Nashville's Barry Tashian remembers playing second base at New York's
Well, playing a guitar on a stage erected near second base. Tashian
wasn't good enough at baseball to become one of the 127 second basemen
in New York Mets history.
Not that it was ever an ambition. He was a Dodgers fan.
Also, he preferred music over hardball, and he stood on that infield
stage at Shea in 1966 because he and his band, The Remains -- a
collective launched when the members were students at Boston University --
were in the midst of a rock 'n' roll tour.
They were opening for a Liverpool combo called The Beatles.
So, what was that like? Funny, but a lot of people seem to ask Tashian
that very question. Turns out it was pretty cool.
It was cool to be 21 years old and be part of the biggest rock tour
in the world. It was cool to hang out with George Harrison in hotel
rooms, playing guitar and listening to sitar player Ravi Shankar's music
on Harrison's futuristic portable music device, a "cassette player."
"He had headphones for it," Tashian says. "He'd let me put the
headphones on and listen, and he'd say, 'This is North Indian classical
George was a nice guy, as were John, Paul and Ringo. Tashian says
they were just like their characters in the comedy film A Hard Day's
Tashian says he'll never forget the shrieking, crying and roaring
from the stadium crowds on that tour.
And Tashian says he really, really should have asked for autographs.
But why would he collect autographs? After all, he was going to spend
the rest of his life around rock stars and adolescent shrieks and
cassette players. He and The Remains weren't at fantasy camp, they were
joining the club.
"Oh, I thought we were going to be world famous as soon as the tour
was over," he says. "But...we weren't. And we broke up. Now, I think,
'Why did we ever break up the band after we did that tour?'
Because we were kids, and I guess that's what was going on."
The Remains became part of Boston rock lore: Beantown's no-hit
wonders. They were way-pavers for Aerosmith, the J. Geils Band and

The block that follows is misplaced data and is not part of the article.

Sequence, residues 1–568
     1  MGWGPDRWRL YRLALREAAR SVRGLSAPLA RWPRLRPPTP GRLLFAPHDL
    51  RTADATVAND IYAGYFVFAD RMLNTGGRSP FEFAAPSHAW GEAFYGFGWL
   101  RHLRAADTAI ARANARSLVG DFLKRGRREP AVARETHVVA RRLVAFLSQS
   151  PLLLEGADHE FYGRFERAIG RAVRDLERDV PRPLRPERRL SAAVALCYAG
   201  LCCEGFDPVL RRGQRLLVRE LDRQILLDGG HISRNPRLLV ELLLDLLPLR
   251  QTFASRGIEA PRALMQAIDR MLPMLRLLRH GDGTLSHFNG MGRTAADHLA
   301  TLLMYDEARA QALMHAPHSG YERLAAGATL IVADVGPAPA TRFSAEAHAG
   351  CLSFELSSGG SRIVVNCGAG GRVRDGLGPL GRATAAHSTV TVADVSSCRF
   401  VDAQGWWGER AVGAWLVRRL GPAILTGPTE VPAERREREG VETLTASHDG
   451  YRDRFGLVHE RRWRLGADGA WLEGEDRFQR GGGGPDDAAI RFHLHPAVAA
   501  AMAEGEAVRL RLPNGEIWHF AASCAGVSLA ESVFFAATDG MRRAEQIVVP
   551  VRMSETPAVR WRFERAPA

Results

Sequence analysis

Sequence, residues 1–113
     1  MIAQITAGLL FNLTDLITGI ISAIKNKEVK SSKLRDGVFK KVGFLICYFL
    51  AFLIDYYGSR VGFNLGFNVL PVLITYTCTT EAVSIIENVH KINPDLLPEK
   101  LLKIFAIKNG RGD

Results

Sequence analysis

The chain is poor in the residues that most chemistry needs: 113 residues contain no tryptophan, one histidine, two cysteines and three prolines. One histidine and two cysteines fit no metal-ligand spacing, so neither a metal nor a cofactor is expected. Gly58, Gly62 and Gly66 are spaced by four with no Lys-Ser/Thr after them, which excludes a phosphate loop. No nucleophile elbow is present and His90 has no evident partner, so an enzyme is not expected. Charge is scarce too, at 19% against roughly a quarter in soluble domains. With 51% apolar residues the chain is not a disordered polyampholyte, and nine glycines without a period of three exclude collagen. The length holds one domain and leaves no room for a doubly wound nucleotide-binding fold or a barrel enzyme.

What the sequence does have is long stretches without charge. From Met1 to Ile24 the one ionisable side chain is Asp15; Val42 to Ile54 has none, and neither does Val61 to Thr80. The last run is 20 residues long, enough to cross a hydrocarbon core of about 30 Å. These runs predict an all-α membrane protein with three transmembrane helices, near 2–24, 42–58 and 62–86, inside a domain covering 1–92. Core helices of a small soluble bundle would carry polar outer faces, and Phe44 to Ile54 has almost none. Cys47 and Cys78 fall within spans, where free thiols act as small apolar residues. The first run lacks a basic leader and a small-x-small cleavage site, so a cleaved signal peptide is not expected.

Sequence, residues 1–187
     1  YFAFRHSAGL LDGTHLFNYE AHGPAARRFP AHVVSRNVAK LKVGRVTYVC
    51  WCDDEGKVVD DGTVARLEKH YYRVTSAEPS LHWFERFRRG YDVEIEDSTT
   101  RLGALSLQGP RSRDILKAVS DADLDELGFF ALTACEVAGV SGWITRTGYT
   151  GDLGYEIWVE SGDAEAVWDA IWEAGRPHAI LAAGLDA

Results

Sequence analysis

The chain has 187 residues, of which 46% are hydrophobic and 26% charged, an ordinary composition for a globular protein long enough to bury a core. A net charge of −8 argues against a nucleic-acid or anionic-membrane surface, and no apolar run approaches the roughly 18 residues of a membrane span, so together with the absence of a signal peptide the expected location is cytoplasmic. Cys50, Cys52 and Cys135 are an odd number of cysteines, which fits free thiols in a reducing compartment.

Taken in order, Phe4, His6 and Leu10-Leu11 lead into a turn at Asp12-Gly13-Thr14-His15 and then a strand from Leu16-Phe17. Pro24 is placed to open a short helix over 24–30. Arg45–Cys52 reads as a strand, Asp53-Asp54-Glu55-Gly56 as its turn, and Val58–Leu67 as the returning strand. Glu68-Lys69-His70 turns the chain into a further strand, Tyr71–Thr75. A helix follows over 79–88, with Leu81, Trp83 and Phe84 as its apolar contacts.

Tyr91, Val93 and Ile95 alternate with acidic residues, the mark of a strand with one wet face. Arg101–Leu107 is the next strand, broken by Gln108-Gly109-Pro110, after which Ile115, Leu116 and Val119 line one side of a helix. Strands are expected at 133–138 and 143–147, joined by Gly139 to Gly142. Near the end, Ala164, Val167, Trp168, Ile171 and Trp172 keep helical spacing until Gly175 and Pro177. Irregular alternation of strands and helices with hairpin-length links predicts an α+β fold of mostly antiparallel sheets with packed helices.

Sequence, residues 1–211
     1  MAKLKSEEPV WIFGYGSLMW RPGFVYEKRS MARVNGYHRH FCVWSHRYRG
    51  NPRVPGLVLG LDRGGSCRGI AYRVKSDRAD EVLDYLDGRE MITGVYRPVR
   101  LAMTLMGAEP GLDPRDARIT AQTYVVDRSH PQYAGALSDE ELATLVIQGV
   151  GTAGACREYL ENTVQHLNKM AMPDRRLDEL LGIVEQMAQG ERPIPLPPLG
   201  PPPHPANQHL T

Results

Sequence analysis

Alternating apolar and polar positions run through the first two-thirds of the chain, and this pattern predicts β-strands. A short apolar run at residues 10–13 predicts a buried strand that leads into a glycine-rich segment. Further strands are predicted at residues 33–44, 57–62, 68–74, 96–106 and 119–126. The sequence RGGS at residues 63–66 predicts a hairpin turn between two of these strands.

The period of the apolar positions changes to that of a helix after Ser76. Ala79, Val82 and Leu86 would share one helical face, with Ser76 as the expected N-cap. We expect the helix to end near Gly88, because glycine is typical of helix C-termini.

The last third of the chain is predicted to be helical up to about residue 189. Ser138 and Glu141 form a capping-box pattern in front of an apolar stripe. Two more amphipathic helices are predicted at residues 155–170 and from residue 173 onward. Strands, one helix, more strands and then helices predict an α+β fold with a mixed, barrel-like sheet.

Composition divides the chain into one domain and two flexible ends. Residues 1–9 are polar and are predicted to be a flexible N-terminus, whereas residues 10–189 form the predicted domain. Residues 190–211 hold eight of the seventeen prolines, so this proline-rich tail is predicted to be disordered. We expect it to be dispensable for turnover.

others. In 2009, the America's Lost Band documentary explored
the group's legacy, and last year Barry & The Remains were inducted
into the Boston Music Awards' Hall of Fame.
As for Tashian, he found other doors through which to walk. He found
himself drawn to country music, went west, joined up with country-rock
Parsons and contributed vocals and guitar work to Parsons'
now-legendary 1973 solo debut, G.P. He moved to Nashville in
1980 and spent nine years as a member of Emmylou
Harris' Hot Band. And he and wife Holly Tashian have released seven
studio albums and toured the world as a heralded country and folk duo.
Every now and again, at a concert hall or a folk club, a festival or a
house concert, a fan would appear holding a Remains album, hoping for a
signature and a conversation. Sometimes the autograph-seeker had seen
Barry & The Remains play sweaty, energetic shows in 1964 at Boston
club The Rathskeller. Other fans had seen stadium shows with The Beatles
and remembered the hard-charging little rock quartet that opened the
evening and then backed The Ronettes and Nashville-born Bobby Hebb
(of "Sunny" fame) before ceding the stage to the Fab Four.
Those fan interactions were reminders to Tashian that The Remains had
been a fun thing for people, that the lack of popular success hadn't
negated the good feelings folks had for the music. And Tashian missed
playing rock 'n' roll.
He and original members Vern Miller, Bill Briggs and Chip Damaini
re-formed, releasing Movin' On in 2002. It was their first
album in 36 years. They began playing live shows, too, and they noticed
that much of their audience wasn't even alive when The Beatles were
As he prepared to turn 60, Tashian heard his first adolescent shrieks
since August 29, 1966, when he walked offstage at San Francisco's
Candlestick Park, just before The Beatles last-ever concert tour
"We have a young fan base," he says. "For the most part, it's not
people our age."
Where do young people in Nashville go to hear music? One place is The Basement, a venue on
Eighth Avenue South that holds approximately 55,500 fewer people than
showed up for the Beatles/Remains Shea Stadium gig. (That one drew
55,600, by the way.) On Wednesday, Barry & The Remains will play a 9
p.m. show at The Basement. They'll play old favorites (including "Why
Do I Cry," featured in the recent movie Superbad) for a roomful
of mostly new fans, and in the days to follow they'll begin work on
another new album.
From The Beatles to The Basement in 45 short years, and Tashian is
pleased as punch with the whole thing.